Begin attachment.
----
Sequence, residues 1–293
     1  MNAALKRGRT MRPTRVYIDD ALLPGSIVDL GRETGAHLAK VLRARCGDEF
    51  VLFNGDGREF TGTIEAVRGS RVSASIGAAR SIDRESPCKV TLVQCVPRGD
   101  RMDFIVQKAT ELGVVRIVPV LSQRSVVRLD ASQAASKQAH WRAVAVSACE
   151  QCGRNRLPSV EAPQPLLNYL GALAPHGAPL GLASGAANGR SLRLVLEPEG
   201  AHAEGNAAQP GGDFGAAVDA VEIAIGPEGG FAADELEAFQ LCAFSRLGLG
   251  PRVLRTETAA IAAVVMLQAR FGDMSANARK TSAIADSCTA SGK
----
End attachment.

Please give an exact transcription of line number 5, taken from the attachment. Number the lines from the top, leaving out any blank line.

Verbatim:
   151  QCGRNRLPSV EAPQPLLNYL GALAPHGAPL GLASGAANGR SLRLVLEPEG